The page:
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Discussion Starter #12
My put in date is for April 20th. The permit allows 15 and we have five confirmed so far...all packrafters from Colorado. If interested, let me know.
Interested!

I'm headed to AK in a few weeks, gone til late March. If the offer stands when I get back (i.e. if you haven't filled up), I'll ping you for details.

Thanks,

MC
 

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I don't know much about ducks--the few I've paddled have been rentals, thus (I assume) probably low end.

But the ducks have been so much heavier (5-6x the weight of a rigged-for-whitewater Alpacka), so much longer, so much less responsive, and so much less fun that, for me, there's not really a choice to be made.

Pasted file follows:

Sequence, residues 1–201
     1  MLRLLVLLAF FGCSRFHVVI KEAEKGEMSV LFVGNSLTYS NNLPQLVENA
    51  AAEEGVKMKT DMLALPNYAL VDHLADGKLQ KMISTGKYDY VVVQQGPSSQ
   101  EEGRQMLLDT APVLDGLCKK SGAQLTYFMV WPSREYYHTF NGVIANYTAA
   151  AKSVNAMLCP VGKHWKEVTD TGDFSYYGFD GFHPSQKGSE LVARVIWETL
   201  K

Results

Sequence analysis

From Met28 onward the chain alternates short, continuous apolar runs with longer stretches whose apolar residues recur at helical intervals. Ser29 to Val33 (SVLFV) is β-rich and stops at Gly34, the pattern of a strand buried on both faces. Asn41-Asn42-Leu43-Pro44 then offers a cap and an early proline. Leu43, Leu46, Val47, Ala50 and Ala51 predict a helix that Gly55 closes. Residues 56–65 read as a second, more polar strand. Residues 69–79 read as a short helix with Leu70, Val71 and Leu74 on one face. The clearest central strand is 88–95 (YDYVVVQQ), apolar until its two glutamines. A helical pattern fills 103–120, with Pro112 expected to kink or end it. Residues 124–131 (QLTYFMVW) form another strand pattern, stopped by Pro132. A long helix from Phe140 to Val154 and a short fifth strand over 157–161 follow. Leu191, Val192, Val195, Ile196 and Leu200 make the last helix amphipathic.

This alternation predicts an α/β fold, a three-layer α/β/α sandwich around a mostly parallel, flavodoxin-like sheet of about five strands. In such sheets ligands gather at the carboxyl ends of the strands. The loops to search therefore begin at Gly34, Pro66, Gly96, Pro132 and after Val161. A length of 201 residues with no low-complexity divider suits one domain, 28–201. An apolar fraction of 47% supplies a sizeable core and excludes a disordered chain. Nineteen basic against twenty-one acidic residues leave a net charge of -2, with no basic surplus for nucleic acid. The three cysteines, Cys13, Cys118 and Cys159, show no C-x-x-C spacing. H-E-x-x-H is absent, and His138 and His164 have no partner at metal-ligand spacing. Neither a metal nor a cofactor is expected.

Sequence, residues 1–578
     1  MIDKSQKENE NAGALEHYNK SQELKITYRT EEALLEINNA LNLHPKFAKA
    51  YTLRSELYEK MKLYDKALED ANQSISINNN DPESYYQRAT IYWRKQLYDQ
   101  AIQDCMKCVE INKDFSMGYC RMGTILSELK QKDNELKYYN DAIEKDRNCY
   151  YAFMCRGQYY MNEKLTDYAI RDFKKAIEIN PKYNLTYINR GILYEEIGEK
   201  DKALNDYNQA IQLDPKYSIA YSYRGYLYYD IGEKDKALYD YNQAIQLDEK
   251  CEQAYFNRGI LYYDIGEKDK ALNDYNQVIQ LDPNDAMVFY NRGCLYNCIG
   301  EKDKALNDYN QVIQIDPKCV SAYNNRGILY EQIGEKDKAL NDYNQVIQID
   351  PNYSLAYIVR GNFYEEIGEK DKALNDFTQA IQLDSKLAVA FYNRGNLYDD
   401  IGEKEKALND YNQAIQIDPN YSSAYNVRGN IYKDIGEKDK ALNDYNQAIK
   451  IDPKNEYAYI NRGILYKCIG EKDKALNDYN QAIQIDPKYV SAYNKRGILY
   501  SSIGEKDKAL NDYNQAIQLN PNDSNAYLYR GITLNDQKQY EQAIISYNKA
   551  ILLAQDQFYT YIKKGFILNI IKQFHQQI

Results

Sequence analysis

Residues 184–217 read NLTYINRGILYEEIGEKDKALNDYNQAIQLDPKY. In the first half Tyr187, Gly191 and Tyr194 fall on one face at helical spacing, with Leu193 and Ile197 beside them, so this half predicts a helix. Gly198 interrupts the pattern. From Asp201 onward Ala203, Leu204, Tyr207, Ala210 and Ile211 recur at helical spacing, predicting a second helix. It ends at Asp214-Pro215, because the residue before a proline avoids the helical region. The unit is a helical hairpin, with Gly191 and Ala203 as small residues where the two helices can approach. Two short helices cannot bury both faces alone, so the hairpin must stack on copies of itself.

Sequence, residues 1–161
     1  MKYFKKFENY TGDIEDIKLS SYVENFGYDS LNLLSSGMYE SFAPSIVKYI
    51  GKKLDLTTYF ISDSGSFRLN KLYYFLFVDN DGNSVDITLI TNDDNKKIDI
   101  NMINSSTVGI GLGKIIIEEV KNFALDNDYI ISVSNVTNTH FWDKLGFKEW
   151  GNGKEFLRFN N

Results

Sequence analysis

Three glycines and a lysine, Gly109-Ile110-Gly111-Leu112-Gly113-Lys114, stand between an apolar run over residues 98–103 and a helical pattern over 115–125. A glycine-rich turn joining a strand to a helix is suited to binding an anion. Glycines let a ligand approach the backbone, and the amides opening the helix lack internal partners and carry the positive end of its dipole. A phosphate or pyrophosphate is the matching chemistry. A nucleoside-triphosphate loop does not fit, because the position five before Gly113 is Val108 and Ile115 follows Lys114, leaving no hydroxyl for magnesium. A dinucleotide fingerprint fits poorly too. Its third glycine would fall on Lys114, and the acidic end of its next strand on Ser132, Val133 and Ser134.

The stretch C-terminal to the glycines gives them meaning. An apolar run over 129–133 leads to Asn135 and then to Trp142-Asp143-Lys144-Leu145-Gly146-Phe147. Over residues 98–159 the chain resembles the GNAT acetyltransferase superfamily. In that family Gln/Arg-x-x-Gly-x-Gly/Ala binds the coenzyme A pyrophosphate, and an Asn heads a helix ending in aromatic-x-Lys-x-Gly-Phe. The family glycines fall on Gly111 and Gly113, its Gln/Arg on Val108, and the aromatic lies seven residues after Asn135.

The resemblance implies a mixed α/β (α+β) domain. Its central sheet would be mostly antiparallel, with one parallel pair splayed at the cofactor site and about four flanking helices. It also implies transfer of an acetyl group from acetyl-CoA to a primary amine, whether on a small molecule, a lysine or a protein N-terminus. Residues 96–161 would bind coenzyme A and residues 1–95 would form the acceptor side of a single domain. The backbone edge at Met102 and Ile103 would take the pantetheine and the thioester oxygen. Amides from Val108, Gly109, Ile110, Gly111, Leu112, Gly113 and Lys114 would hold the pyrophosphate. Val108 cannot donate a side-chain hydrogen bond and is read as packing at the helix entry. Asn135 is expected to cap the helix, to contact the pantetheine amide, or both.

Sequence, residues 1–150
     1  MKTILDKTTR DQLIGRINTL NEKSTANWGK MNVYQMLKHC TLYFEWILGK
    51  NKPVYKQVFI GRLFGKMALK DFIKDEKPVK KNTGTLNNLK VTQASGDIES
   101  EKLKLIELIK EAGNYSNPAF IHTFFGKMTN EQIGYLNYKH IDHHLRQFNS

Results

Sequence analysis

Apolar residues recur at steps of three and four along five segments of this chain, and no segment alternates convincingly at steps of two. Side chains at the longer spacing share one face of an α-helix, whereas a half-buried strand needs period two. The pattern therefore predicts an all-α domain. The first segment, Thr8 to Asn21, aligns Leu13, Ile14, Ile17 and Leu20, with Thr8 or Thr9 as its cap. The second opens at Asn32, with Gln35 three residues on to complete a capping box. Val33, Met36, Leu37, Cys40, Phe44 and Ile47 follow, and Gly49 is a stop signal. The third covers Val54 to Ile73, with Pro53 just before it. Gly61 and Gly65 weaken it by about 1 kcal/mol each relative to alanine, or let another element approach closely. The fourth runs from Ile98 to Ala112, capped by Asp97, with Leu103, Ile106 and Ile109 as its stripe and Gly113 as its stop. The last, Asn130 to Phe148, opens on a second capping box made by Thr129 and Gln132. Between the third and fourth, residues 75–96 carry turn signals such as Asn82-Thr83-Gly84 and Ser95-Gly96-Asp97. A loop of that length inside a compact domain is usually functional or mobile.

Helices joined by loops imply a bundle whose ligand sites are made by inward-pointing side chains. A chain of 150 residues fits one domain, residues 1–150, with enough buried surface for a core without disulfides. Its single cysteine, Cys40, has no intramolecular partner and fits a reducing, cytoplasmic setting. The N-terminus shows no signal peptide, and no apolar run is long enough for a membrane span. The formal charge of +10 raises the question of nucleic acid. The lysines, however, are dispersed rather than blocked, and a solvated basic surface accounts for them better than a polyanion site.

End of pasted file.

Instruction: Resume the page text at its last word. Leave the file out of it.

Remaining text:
Which is right for you all depends on what *you* have in mind.

In the packraft world there's Alpacka and then everyone else, where everyone else is light-years behind with their designs and materials.

Invite me over when the ice is gone and #'s are running, and I'll bring a few boats so you can gnaw on one yourself for a day...:D
Thanks for the response. #s sounds good but so does a desert float self support! :)
 

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Grass is always greener...!
True enough... In an effort to address that I overnight self supported in Brown's Canyon this past fall. That was a couple mile rather than a couple hundred mile drive to the putin. :) However, my focus this coming year is going to be self support on desert rios, snowpack allowing, with the Escalante and perhaps the Virgin Narrows topping my fantasy list. Hence, my interest in various craft.
 

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Discussion Starter #16